The following publications in the AROC Information Series are now available:
- Download Inpatient rehabilitation for older people in Australia, February 2020 (pdf)
- Download Inpatient rehabilitation for older people in New Zealand, February 2020 (pdf)
- Download Impact of Dementia on Inpatient Rehabilitation Outcomes, August 2019 (pdf)
- Download Equity of Access to Inpatient Rehabilitation Services in Australia, May 2019 (pdf)
- Download Equity of Access to Inpatient Rehabilitation Services in New Zealand, May 2019 (pdf)
- Capell JT, Alexander T, Pryor J, Fisher M (2020). Patient reported experience of inpatient rehabilitation in Australia. Patient Experience Journal 7(3): 49-57. DOI: 10.35680/2372-0247.1424
- Fisher M, Pryor J, Capell J, Alexander T, Simmonds F (2020). The psychometric properties of a modified client-centred rehabilitation questionnaire in an Australian population. Disabil Rehabil 42(1):122-129. DOI: 10.1080/09638288.2018.1494214
- Australian Rehabilitation Outcomes Centre (AROC) (2018) Measuring the rehabilitation client’s experience: The Australian modified client-centred rehabilitation questionnaire (AM-CCRG). Journal of the Australasian Rehabilitation Nurses Association, 21:1 29-30.
- Wu J, Faux SG, Harris I, Poulos CJ and Alexander T (2016) Record linkage is feasible with non-identifiable trauma and rehabilitation datasets. Australian and New Zealand Journal of Public Health, 40 (3): 245-249.
- Turner-Stokes L, Vanderstay R, Stevermuer T, Simmonds F, Khan F and Eagar K (2015) Comparison of rehabilitation outcomes for long term neurological conditions: A cohort analysis of the Australian Rehabilitation Outcomes Centre Dataset for adults of working age. PLoS ONE, 10 (7): e0132275.
- Australasian Rehabilitation Outcomes Centre (AROC) (2014) Australasian Rehabilitation Outcomes Centre. Journal of the Australasian Rehabilitation Nurses Association, 17 (3): 26-28.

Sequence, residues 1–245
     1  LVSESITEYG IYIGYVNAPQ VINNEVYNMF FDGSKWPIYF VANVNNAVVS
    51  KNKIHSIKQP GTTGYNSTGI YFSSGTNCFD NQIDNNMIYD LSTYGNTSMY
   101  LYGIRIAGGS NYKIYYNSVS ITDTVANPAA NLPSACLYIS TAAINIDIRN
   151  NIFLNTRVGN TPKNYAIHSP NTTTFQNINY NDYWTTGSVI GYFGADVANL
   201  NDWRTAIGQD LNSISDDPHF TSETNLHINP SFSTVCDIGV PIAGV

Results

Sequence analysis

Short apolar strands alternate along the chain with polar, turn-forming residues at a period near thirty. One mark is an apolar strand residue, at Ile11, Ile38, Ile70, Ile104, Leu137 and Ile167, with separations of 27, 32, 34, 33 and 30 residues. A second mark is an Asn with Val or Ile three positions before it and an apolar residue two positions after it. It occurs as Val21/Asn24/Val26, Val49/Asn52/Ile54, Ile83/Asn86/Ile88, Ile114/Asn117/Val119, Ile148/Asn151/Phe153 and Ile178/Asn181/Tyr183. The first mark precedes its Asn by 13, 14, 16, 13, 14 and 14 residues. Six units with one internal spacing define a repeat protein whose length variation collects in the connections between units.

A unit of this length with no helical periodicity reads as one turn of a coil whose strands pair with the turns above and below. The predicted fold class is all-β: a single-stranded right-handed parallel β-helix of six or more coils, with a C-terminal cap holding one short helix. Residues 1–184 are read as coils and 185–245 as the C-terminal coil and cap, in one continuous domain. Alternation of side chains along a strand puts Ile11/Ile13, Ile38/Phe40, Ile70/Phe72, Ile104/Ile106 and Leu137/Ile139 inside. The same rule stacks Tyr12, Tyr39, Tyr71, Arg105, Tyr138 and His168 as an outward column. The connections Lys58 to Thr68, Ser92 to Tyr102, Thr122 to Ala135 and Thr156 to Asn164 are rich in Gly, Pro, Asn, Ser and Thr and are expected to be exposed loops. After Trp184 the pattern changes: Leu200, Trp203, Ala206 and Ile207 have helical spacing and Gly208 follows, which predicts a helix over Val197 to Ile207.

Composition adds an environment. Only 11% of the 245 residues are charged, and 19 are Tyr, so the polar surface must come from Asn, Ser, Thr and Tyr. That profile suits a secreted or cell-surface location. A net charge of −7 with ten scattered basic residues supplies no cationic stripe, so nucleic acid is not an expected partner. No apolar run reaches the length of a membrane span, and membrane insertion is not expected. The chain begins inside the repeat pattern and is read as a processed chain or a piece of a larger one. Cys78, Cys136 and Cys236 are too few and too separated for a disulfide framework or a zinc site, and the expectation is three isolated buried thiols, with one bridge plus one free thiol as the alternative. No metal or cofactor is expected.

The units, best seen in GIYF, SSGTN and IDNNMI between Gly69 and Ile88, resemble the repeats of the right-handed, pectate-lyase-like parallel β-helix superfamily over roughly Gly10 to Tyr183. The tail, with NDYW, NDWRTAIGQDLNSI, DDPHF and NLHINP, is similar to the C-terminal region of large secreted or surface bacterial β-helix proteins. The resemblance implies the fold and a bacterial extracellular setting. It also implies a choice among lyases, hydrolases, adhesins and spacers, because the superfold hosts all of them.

- Street L (2014) Frequently Asked Questions about FIM. Australian Rehabilitation Nurses Association, 17 (1): 21-22.
- Poulos CJ, Eagar K, Faux SG, Estell JJ and Crotty M (2013) Subacute care funding in the firing line. Medical Journal of Australia, 199 (2): 92-93.
- Hordacre BG, Stevermuer T, Simmonds F, Crotty M and Eagar K (2013) Lower-limb amputee rehabilitation in Australia: analysis of a national data set 2004-10. Australian Health Review, 37 (1): 41-47.
- Turner-Stokes L, Sutch S, Dredge R, Eagar K (2012) International casemix and funding models: lessons for rehabilitation. Clinical Rehabilitation, 26 (3): 195-208.
- Green J and Gordon R (2007) The development of Version 2 of the AN-SNAP casemix classification system. Australian Health Review, 31 (Supplement 1): S68-S78.
- Green J, Eagar K, Owen A, Gordon R and Quinsey K (2006) Towards a measure of function for home and community care services in Australia: Part 2 – evaluation of the screening tool and assessment instruments. Australian Journal of Primary Health, 12 (1): 82-90.
- Poulos C, Eagar K and Poulos R (2007) Managing the interface between acute care and rehabilitation — can utilisation review assist? Australian Health Review. 31 (Supplement 1): S129-S139.
- Subacute Inpatient Rehabilitation Across a Range of Impairments: Intensity of Therapy Received and Outcomes, 8th World Congress of the International Society of Physical and Rehabilitation Medicine (ISPRM).
- AROC – The Australasian Rehabilitation Outcomes Centre – the Impact of Twelve Years of Longitudinal Data Collection and Outcome Benchmarking, 8th World Congress of the International Society of Physical and Rehabilitation Medicine (ISPRM).
- Using AROC Data to Compare Outcomes for Older People in Public and Private Rehabilitation Units, AFRM Presentation 2014.
- AROC Intensity of Therapy Project, AFRM Presentation 2013.
- Initial analysis of newly added data items. Do they provide insights of value? AFRM Presentation 2013.